At this time, Fibernetics co-founders Mike Brown, Jody Schnarr and John Stix were in desperate need of a solution for both the call centre they were planning to open, as well as their main office. They also needed a solution that could handle all the businesses that were part of the Fibernetics Group of Companies. Since their company was also fairly new, they were looking for a solution that would save them as much as possible on costs, since the cost of phone systems then currently on the market was prohibitive.
Mike began to search online for someone that could help solve this problem. "I found ‘Gary Handelman' all over the place and I thought ‘I have to talk to this Gary Handelman guy'." Initially they bartered services: Fibernetics provided cost-free Telco services in the Montreal area for Voipra and in return Gary designed and programmed a PBX for the call center in the Dominican Republic as well as one for the Fibernetics office at 30 Duke Street West in Kitchener, Ontario, and made sure the two were always connected. No money was exchanged between Fibernetics and Voipra in these early stages, and looking back on it, Mike is appreciative of the faith Gary had in Fibernetics: "never meeting us before, Gary took a leap of faith" Mike recalls, "for not exchanging any money; Gary was always available and always so receptive."
In May of 2006, Jody met Gary in Montreal to discuss setting up a server at the Group Telecom colocation facility in Montreal. It was over a few Guinness that Jody got the chance to explain the basis of Fibernetics business, where it was headed and the big things in store. Gary was impressed by Jody's vision, but it wasn't until two years later, in May of 2008, that Gary officially said, "I'm in," and joined Fibernetics.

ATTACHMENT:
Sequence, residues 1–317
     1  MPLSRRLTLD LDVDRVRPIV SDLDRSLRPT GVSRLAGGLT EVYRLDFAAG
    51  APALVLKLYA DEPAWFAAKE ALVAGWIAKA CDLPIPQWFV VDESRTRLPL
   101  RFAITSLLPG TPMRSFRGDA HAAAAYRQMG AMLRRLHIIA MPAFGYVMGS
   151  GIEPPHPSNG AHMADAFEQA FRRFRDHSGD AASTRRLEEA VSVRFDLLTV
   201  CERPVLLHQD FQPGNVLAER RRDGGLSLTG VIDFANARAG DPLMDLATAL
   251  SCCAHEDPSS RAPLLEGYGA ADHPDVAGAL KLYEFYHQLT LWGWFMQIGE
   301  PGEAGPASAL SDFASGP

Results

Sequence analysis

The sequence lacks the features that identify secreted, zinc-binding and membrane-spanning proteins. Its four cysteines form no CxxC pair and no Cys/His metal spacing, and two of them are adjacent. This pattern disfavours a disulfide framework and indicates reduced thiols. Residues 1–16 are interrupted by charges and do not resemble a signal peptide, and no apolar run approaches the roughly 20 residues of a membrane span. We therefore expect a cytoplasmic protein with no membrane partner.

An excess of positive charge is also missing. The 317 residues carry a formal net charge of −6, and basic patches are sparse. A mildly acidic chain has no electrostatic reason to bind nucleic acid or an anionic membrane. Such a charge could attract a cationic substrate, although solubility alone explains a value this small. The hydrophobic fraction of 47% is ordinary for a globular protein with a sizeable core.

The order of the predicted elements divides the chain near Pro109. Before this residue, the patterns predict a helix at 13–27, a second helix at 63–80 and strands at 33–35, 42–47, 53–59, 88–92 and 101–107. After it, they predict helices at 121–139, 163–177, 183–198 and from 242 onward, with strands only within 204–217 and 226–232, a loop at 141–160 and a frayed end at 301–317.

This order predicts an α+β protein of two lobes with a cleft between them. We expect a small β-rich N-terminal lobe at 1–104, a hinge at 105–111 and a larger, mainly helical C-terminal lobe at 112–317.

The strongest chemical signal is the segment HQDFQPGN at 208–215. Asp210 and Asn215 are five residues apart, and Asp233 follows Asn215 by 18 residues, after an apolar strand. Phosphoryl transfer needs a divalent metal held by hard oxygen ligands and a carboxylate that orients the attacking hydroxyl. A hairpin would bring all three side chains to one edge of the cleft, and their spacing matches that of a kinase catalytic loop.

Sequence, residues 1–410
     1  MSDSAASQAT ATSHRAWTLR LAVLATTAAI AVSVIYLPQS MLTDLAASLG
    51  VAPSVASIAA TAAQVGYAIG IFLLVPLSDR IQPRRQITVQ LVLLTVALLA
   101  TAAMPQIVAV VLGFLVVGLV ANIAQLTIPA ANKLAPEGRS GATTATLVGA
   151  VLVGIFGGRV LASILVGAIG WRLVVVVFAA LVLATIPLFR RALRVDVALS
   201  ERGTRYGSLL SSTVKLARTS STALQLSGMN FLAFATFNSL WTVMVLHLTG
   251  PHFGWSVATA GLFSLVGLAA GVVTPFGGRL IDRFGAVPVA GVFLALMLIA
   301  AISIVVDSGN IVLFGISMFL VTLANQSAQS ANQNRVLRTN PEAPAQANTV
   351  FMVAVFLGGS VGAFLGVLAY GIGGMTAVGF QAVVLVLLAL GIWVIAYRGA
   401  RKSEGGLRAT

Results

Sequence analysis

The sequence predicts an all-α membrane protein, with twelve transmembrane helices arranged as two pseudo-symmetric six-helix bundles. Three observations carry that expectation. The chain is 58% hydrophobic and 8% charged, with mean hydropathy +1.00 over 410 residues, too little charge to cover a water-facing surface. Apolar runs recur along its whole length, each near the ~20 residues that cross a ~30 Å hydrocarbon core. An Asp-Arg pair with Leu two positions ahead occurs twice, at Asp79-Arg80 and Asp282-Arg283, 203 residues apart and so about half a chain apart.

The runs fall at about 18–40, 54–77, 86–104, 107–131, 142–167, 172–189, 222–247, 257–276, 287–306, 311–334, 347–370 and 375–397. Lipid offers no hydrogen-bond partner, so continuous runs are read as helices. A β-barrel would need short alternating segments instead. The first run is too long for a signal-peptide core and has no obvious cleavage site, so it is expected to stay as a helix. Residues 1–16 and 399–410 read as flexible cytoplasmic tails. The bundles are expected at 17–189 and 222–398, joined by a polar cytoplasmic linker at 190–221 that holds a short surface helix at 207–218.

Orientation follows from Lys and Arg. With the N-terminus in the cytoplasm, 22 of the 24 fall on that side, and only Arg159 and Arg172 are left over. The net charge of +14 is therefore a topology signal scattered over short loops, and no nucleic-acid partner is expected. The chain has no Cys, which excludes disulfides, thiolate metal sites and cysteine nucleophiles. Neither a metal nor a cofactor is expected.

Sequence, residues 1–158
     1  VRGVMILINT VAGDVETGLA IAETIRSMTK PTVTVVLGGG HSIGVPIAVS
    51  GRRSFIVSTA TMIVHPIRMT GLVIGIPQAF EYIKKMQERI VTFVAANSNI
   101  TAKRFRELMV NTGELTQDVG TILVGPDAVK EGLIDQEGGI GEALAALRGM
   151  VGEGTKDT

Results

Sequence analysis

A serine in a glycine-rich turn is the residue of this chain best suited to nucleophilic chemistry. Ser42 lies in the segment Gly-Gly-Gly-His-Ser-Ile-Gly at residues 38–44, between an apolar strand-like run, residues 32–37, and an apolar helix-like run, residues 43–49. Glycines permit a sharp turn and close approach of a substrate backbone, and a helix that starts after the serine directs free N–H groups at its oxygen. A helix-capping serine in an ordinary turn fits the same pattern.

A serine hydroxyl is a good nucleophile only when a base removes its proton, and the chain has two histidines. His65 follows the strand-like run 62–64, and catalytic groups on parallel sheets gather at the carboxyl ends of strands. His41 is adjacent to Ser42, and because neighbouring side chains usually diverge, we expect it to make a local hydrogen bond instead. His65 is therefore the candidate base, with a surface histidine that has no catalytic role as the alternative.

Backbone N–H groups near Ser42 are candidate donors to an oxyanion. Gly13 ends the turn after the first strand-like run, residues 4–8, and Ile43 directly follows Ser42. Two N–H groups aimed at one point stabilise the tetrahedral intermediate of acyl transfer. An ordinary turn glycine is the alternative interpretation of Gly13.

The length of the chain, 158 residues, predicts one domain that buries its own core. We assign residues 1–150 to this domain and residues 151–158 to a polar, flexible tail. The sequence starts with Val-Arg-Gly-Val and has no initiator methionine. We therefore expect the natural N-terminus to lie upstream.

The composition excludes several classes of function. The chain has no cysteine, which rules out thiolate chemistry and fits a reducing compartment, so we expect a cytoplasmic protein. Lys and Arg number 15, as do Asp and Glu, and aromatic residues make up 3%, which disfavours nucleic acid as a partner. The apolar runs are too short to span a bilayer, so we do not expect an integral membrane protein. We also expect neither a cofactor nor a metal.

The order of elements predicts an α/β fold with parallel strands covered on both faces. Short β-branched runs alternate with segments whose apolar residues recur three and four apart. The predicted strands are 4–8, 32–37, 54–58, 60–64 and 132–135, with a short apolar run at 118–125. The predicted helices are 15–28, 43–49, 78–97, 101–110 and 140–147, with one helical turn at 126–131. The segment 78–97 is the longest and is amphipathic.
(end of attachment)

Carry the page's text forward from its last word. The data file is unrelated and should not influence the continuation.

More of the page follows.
Between this initial meeting and officially joining Fibernetics, Gary had an idea that was too promising to ignore. Using his prior experience creating user interfaces, he wanted to design a PBX that would reduce the level of understanding to a simpler level, while also making the PBX better than existing systems. He quickly jotted down his ideas onto a napkin and that original schematic served as the foundation of the product that would become known as the NEWT Managed PBX.
There was an initial problem Gary faced when he joined Fibernetics, since his former company Voipra was still operational. He couldn't use the same code he had written for Voipra for the Fibernetics PBX. "I took that as a positive and decided to start with a blank slate and build everything from the ground up," he explained. It was much easier this time around because of "knowing the stuff that I've learned over the last couple of years: the pitfalls, the shortcomings, and the stuff that worked." Gary went to work, writing code for what would be the first business phone system offered by Fibernetics, a day Mike remembers like it was yesterday. "Gary began to type, and then he turned the computer to me, with a wide grin on his face, and said ‘this is the start of our new PBX'."
Working with the team of in-house developers, in just three months the code for the PBX had been written and Fibernetics was already starting to install the PBX in other offices located at the 30 Duke Street West building.
Fast forward to today and the NEWT Managed PBX - Business Phone System now services almost 17,000 live extensions. It has saved over 2,000 businesses thousands of dollars on their monthly telecom costs. Gary, with his crew of coders, are constantly upgrading, revising and introducing new features to the NEWT Business Phone System.
When Gary reflects back on his journey with the PBX that began with an idea jotted down on a napkin, he can't help but feel good about what he's accomplished. "I feel very proud that the stuff I've written is being used and enjoyed by so many people, and that they're relying on it. You don't go lightly into a phone system when it's something you're leveraging your own business on".
He also recognizes the recurring theme that first began in the storage room of his high school chemistry lab: "it was all down to having a vision in your head and then turning that vision into something concrete, something that people could use, something that was really cool when it was running and something that people enjoyed using".
The NEWT Managed PBX Story is an example of innovation at Fibernetics. This innovation allows NEWT to deliver happiness and connections everyday by being awesome.